First of all neither of the two sponges I own are the Original Beauty Blender, I did scour Sephora and the likes for one but they were out of stock so I settled for two of Sephora's own brand versions. The pink angled sponge is called the Sculptor and I bought it to use with contouring products and the little yellow egg shaped sponge has been dubbed the Precision Sponge and is the closest dupe to the Original Beauty Blender that Sephora offer. Neither sponge lists exactly what it is constructed of but to me they feel like Latex so if you have an allergy to such product I do suggest researching a little further to ensure that they are safe for you to use.
Admittedly the beauty blender type of sponges are not for those who struggle with time in the morning as they do require a little prep before using, worth the effort yes but it can be time consuming. To use you run the sponge under water until it expands (it should double in size), squeeze out the excess water and then sandwich the sponge in-between a towel and again squeeze to soak up any remaining water. You are aiming for a damp sponge that is not dripping wet. An odd concept yes but it somehow works.
What you use your beauty blender for is entirely up to you but I find it best for stippling on foundation and other cream products although some have claimed that the sponge is great when used dry for powder products. In my experience it gave a rather heavy and uneven finish but it is worth a try none the less. When it comes to applying liquid bases I prefer the standard yellow egg shaped sponge (Sephora Precision Sponge) as the tapered egg is fantastic for working product into hard to reach places such as the under eye and around the nose, the round base is better suited to larger areas such as the cheeks and forehead. For a lighter than air finish that does have a certain airbrushed quality I suggest bouncing/dabbing the sponge over the face and building up coverage as you go.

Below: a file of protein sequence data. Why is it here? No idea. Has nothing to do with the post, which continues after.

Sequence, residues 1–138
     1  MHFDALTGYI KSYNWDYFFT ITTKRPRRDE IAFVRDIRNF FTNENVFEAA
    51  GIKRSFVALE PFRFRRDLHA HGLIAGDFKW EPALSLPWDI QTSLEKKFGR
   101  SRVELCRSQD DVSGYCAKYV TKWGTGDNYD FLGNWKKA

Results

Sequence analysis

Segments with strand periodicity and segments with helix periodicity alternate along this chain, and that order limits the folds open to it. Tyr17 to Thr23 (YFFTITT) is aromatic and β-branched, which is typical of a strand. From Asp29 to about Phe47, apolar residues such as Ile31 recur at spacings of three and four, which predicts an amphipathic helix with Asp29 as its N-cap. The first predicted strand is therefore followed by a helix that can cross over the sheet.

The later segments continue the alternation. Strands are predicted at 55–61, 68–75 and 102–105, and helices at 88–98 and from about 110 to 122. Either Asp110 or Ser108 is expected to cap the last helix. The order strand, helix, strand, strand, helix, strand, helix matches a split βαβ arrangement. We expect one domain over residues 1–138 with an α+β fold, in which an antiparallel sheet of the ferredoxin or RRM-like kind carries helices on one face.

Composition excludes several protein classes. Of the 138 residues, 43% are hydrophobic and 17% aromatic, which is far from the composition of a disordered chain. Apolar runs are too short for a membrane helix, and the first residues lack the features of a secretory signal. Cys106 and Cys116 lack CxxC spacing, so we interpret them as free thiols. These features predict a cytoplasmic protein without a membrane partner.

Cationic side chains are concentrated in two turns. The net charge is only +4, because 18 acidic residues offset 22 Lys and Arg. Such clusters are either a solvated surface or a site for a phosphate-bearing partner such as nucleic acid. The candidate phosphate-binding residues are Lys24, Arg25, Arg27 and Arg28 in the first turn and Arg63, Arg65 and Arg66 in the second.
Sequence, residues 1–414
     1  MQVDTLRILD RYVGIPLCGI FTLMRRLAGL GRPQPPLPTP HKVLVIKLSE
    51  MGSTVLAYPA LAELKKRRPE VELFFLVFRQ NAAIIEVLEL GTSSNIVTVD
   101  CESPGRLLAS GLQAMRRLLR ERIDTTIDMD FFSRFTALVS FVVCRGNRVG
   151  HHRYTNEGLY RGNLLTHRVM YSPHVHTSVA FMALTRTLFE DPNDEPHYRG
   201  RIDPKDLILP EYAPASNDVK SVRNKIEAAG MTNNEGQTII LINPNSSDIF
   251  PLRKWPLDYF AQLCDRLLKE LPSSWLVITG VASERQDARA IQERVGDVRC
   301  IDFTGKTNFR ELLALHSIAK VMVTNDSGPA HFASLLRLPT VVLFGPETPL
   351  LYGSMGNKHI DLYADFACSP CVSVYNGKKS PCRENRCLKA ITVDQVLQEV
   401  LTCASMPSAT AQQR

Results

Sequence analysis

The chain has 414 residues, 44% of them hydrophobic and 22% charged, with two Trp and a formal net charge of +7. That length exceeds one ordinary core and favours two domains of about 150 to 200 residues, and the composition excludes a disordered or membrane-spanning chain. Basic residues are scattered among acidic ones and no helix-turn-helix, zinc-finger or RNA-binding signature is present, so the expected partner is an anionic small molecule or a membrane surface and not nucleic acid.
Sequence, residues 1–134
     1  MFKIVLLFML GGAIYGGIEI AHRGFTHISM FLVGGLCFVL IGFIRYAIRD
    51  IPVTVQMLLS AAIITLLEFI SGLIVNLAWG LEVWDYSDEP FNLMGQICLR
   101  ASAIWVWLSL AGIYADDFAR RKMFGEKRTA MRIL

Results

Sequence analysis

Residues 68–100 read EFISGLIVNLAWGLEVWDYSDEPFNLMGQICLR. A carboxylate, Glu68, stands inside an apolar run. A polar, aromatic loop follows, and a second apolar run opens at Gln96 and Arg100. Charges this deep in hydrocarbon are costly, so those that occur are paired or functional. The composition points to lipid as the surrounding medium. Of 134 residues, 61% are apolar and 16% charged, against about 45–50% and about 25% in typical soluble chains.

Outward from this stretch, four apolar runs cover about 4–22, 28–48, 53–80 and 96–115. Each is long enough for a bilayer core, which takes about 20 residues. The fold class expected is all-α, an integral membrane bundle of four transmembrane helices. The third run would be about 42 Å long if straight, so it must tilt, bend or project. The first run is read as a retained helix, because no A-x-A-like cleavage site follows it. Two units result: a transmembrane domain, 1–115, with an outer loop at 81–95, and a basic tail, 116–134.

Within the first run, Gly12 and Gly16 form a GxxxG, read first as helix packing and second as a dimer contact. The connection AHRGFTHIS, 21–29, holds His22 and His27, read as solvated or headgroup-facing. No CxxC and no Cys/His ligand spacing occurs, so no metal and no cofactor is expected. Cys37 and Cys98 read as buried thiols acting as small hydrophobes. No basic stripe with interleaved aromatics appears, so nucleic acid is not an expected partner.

Truthfully I'm still getting to grips with the Sculptor (pink sponge) the bevelled edge did initially seem ideal for contouring with but as the tip is so wide it is not quite delivering the precision I crave. At the moment I am using it for concealer - it works great with cream formulas particularly if a sheerer, natural finish is what you are aiming to achieve. Speaking of sheering out products I do have to warn you that both sponges as they have been damped not only reduce the coverage levels of any product used in conjunction but do have a terrible habit of retaining liquids. By that I mean you will loose more foundation etc to the sponge than you will apply to your face.
The other issue I have with the whole beauty blending craze is hygiene as someone with breakout prone skin I have to be rather cautious and after using a beauty blender a good few times I'm not convinced it is best suited for my skin type. After each use it is suggested that you rinse out the sponge with a gentle cleanser (baby shampoo is ideal) but I warn you now that this is an odious task. You can squeeze, scrub and use all the baby shampoo in the world and these pesky sponges still wouldn't rinse clean and don't get me started on staining.
Summed up? A novel way to apply foundation et al particularly if you prefer a soft focus airbrush effect but hygienic they are not.
Random Fact - Sponges lack the following things: tissues, neurons and a gut but are in fact an animal and can not produce their own food.